Editor's note: The original version of this story inaccurately reported that a closed session city council meeting was scheduled to be held on July 9. The meeting was scheduled for July 11, and held on that day. We apologize for this reporting error.
For months, Pacifica's city councilmembers have viewed the idea of outsourcing police services in purely conceptual terms.
On Wednesday, they're expected to finally see some hard numbers.
A consulting group commissioned by the city to project the budgetary impact of outsourcing municipally controlled law enforcement services to the San Mateo County Sheriff's Department will report to the council in closed session at 6:30 p.m. at City Hall.
The meeting proceeds an open session scheduled to start at 7 p.m.
"I expect that we'll probably see some numbers," Mayor Pete DeJarnatt told Patch.
In addition to evaluating monetary projections of police outsourcing, the consultants project the cost of transitioning to county-run policing will cost - and the cost of returning the police department if a future council is not satisfied with the sheriff department's work, DeJarnatt said.
The council will be on its own in evaluating whether the services the sheriff's department can provide are comparable to what Pacifica already has.
"We didn't ask (the consultants) for that and I don't that's something they could effectively do," DeJarnatt said.
DeJarnatt, who's already on the record opposing police outsourcing, said tonight's closed session will mark the first time councilmembers will have a sense of whether the idea has political legs. Although the idea has come up in previous closed sessions, DeJarnatt said he hasn't yet gotten a good read on whether his colleagues support the idea.
That figures to change once the projected numbers come in.
"I think we'll certainly have a better sense of how we feel, but I don't expect us to have a consensus," DeJarnatt said.
DeJarnatt acknowledged that temptation of outsourcing law enforcement services may be hard to resist. Pacifica, like most municipalities statewide, faces a significant structural deficit.
Patch earlier this year cited unnamed sources with knowledge of the proposal in a report projecting outsourcing could save Pacifica up to annually.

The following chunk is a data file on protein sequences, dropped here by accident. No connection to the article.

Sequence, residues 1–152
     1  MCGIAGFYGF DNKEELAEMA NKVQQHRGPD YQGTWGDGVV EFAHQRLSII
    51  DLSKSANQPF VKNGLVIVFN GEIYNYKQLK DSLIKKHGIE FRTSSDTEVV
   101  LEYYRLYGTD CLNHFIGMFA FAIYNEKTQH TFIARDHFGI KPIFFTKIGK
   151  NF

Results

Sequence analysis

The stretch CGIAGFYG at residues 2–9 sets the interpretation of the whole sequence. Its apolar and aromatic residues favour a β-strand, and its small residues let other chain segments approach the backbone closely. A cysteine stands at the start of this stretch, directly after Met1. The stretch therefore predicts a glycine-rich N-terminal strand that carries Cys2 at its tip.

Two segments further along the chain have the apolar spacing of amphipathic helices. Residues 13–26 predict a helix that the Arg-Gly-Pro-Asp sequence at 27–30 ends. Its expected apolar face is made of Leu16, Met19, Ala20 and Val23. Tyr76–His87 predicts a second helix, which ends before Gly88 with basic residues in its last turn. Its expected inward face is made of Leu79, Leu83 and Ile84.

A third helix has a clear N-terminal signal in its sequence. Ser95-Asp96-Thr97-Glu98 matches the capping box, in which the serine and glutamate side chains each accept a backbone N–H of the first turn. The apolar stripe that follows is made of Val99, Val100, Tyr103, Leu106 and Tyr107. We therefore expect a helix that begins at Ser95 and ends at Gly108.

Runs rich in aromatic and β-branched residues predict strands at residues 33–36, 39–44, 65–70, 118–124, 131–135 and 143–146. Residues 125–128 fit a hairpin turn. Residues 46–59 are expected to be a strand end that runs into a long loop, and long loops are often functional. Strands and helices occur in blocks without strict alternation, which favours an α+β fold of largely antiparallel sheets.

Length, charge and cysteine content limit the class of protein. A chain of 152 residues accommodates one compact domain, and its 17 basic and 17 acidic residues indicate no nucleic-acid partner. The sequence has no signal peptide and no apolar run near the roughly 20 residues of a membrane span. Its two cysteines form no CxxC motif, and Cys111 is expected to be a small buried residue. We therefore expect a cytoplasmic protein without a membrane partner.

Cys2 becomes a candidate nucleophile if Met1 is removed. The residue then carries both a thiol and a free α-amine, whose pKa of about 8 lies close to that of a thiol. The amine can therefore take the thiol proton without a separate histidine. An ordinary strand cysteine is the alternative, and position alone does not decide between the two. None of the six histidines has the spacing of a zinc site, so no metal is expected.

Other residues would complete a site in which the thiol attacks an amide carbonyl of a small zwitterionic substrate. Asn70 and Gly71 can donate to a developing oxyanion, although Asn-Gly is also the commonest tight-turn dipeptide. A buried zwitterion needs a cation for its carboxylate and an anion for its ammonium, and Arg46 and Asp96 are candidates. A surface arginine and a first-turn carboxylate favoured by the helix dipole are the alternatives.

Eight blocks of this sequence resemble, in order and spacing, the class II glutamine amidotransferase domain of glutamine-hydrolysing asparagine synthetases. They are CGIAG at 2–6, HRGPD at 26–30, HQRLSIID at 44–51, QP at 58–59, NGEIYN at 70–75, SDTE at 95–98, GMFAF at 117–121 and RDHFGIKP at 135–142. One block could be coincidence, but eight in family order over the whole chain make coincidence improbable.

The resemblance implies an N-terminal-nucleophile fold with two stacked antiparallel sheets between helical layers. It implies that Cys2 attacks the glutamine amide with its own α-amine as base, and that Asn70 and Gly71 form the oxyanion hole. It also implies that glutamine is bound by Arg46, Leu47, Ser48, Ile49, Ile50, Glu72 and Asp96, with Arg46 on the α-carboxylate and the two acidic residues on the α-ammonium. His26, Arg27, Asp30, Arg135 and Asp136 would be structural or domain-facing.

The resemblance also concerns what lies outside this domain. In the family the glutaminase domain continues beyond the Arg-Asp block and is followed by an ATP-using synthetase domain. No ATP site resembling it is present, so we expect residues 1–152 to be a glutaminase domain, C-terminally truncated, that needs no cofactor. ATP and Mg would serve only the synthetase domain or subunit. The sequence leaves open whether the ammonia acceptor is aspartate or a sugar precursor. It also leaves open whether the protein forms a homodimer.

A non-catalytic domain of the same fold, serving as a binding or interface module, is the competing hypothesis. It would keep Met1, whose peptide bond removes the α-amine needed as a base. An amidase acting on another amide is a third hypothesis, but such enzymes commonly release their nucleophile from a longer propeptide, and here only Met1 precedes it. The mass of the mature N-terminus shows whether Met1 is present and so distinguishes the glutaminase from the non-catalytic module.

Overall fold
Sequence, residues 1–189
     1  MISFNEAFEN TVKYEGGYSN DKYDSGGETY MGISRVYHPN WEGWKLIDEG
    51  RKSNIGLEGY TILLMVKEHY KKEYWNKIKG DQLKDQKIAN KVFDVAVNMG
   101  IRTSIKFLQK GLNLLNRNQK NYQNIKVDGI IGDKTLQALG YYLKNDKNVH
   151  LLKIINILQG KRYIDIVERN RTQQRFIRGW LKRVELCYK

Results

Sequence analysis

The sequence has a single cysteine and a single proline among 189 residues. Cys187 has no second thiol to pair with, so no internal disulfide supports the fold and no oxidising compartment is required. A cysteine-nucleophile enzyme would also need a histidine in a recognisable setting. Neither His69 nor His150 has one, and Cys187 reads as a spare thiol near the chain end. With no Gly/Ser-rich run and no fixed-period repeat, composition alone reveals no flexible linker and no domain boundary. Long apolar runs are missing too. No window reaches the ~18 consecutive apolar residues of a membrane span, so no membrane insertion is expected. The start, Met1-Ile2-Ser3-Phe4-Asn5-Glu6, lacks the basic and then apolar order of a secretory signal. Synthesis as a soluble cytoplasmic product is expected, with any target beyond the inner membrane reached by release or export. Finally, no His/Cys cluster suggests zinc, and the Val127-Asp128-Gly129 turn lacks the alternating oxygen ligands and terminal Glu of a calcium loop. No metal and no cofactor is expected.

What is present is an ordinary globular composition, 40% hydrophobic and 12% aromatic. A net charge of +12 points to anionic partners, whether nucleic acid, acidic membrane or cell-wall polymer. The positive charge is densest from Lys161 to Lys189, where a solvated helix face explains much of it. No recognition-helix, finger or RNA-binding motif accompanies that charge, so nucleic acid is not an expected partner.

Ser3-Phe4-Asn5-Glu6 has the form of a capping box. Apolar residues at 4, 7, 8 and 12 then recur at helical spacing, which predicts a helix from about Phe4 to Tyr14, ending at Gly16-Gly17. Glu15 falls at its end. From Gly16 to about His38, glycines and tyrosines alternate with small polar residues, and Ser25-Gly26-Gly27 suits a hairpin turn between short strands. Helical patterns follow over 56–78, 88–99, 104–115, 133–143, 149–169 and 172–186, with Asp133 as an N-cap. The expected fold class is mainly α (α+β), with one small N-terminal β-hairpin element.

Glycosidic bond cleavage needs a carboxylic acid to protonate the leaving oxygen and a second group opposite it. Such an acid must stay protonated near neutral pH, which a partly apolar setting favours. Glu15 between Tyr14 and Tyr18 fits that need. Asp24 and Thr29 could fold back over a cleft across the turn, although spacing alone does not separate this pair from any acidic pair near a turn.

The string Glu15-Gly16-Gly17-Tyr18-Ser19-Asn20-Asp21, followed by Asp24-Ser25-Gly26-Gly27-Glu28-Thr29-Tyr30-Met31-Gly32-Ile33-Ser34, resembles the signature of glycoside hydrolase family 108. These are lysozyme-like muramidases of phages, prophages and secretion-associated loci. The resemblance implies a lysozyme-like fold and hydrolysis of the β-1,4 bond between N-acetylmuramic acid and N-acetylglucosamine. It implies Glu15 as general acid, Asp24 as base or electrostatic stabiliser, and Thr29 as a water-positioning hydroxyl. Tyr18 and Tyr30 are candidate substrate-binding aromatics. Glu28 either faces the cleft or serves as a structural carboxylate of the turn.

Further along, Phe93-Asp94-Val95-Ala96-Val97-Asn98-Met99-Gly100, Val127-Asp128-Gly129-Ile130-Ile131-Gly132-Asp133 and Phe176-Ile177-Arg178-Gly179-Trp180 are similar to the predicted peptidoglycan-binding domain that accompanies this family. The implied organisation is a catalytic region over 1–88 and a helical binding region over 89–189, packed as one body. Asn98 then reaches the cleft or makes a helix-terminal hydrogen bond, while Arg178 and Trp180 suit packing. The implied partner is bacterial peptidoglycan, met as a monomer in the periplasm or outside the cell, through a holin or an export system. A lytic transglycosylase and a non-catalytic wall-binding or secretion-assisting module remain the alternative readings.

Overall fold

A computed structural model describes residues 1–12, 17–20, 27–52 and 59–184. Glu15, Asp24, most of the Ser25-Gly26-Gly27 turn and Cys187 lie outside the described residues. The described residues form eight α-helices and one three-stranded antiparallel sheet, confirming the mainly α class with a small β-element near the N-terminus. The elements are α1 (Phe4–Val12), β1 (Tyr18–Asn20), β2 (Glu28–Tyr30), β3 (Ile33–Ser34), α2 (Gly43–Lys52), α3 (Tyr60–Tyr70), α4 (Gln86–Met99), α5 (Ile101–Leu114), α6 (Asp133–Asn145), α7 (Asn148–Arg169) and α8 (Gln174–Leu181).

"I recognize that it would probably save us a fair amount of money but I'm wary of any plan that's supposed to save us a lot of money," DeJarnatt said.
Pacifica will get what it pays for should the city opt for critical public safety functions on the cheap, DeJarnatt said.
Although officials in San Carlos and Millbrae have reported millions in projected budgetary savings implementing similar proposals, DeJarnatt questions whether a county agency could adequately serve a city that is more geographically isolated than the more central Peninsula cities.
He said the rapport a locally controlled agency provide is essential to crime prevention.
"That rapport and trust is part of it, and that rapport is hard to develop and it's not easily replaced," he said.
"(Pacifica police) know the area better and I think they're going to do a better job than the sheriff's department would."
DeJarnatt also questions whether projected savings would be realized. He said projected savings from a program the city implemented last decade to outsource paramedics never fully materialized.
"I'm a little leery about proposals and how rosy the projections sometimes sound," he said. "I think sometimes when all is said and done, they don't save" as much as you'd think.
It is not clear whether DeJarnatt, who completes his last term on the council later this year, will actually have a vote on the proposal.
He said the proposal faces political resistance, noting that his constituents have indicated no appetite for outsourcing police services.
But DeJarnatt said he's committed to keeping an open mind.
"I've changed my mind before," he said. "I don't think that will happen with me because I have fairly strong convictions about this, but I think we'll have a clearer idea of what it means after this meeting."